[O]ne would like to think that government agencies write reports for more than wallpaper.
War is a procedure from which there can be no turning back without acknowledging defeat. This was the trap into which America had walked [in Vietnam]. Only with the greatest difficulty and rarest success, as belligerents mired in futility have often discovered, can combat be terminated in favor of compromise.
Because it is a final resort to destruction and death, war has traditionally been accompanied by the solemn statement of justification, in medieval times a statement of "just war," in modern times a Declaration of War ... However false and specious the justification may be, and usually is, a legalism of this kind serves to state the case and automatically endows the government to enlarged powers.
Acquiescence in Executive war, [Senator J. William Fulbright] wrote, comes from the belief that the government possesses secret information that gives it special insight in determining policy. Not only was this questionable, but major policy decisions turn "not upon available facts but upon judgment," with which policy-makers are no better endowed that the intelligent citizen. Congress and citizens can judge "whether the massive deployment and destruction of their men and wealth seem to serve their overall interest as a nation."
quoting from Fulbright's preface to The Vietnam Hearings (1966)
Silent departures of its members is an important property of government. To speak out after leaving is to go into the wilderness; by exhibiting disloyalty to bar return within the circle. The same reasons account for reluctance to resign. The official can always convince himself hat he can exercise more restraining influence inside, and he then remains acquiescent lest his connection with power be terminated. The effect of the American Presidency with its power of appointment in the Executive branch is overbearing. Advisers find it hard to say no to the President or to dispute policy because they know that their status, their invitation to the next White House meeting, depends on staying in line. If they are Cabinet officers, they have in the American system no parliamentary seat to return to from which they may retain a voice in government.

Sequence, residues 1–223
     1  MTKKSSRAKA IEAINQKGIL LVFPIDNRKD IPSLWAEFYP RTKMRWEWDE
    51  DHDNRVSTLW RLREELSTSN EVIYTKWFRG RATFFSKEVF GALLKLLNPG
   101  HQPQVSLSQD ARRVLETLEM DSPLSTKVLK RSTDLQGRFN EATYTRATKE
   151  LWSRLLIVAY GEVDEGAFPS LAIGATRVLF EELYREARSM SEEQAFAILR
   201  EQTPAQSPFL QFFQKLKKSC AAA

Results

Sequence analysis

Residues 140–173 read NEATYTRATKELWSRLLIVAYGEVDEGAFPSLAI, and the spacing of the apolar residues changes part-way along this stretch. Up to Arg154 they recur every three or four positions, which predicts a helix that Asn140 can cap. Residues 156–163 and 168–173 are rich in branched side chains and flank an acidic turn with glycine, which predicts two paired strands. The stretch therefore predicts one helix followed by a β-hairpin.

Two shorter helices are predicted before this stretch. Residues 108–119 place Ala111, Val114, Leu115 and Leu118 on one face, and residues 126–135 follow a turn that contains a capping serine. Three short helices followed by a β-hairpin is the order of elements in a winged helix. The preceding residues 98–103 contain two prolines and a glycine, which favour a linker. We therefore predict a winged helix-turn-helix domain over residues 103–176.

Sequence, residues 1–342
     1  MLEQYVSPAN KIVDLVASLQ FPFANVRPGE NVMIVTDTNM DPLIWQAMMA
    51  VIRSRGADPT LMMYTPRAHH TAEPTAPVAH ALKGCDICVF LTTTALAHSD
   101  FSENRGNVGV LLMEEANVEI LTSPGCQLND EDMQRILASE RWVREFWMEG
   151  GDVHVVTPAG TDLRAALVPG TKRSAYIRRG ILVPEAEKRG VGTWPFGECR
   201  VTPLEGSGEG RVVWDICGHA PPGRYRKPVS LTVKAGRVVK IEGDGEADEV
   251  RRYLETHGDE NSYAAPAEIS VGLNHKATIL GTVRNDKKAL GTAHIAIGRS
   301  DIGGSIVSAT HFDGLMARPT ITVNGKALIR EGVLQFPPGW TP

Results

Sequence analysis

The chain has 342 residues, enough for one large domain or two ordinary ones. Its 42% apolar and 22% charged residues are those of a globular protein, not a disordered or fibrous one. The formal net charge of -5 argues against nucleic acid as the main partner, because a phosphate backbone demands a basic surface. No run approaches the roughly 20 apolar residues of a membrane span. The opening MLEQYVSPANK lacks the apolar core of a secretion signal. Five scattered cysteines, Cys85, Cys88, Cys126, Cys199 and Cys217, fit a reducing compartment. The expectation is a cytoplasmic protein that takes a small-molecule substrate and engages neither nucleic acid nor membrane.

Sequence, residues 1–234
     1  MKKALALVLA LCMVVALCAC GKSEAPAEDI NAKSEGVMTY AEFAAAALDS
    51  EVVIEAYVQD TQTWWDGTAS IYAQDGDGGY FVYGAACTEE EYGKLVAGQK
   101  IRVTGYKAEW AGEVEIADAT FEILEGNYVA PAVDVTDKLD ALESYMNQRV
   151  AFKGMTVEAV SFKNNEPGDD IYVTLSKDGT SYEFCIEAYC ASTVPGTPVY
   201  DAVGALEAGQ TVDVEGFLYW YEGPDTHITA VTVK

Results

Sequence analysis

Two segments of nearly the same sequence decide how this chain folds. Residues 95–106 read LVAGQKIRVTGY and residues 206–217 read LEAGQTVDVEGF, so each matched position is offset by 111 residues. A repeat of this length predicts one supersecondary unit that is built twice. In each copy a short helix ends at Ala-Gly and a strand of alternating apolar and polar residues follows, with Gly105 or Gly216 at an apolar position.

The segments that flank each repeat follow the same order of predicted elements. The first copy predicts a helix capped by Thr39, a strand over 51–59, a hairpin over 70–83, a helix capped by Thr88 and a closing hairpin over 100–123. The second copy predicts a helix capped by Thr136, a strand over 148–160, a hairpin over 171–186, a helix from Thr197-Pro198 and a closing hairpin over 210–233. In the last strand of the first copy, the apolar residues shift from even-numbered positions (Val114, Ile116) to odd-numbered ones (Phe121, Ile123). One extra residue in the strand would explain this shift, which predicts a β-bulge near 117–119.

When objective evidence disproves strongly held beliefs, what occurs, according to theorists of "cognitive dissonance", is not rejection of the beliefs but rigidifying, accompanied by attempt to rationalize the disproof. The result is "cognitive rigidity"; in lay language, the knots of folly draw tighter.
[T]he Joint Chiefs and the inner circle of the President's advisors ... were frozen in the posture of the last three years, determined on pursing combat and giving [General] Westmoreland what he wanted. They were "like men in a dream," in George Kennan's words, incapable of "any realistic assessment of the effects of their own acts."
In the operations of government, the importance of reason is serious because it effects everything within reach -- citizens, society, civilization.
Mental standstill or stagnation -- the maintenance intact by rulers and policy-makers of the ideas they started with -- is fertile ground for folly. ... Learning from experience is a faculty almost never practiced. .. In its first stages, mental standstill fixes the principles and boundaries governing a political problem. In the second stage, when dissonances and failing function begin to appear, the initial principles rigidify. This is the period when, if wisdom were operative, re-examination and re-thinking and a change of course are possible, but they are rare as rubies in a backyard. Rigidifying leads to increase of investment and the need to protect egos; policy founded upon error multiplies, never retreats. The greater the investment and the more involved in it the sponsor's ego, the more unacceptable is disengagement. In the third stage, pursuit of failure enlarges the damages until it causes the fall of Troy, the defection from the Papacy, the loss of a trans-Atlantic empire, the classic humiliation in Vietnam.
Persistence in error is the problem. Practitioners of government continue down the wrong road as if in thrall to some Merlin with magic power to direct their steps. ... [T]o recognize error, to cut losses, to alter course, is the most repugnant option in government.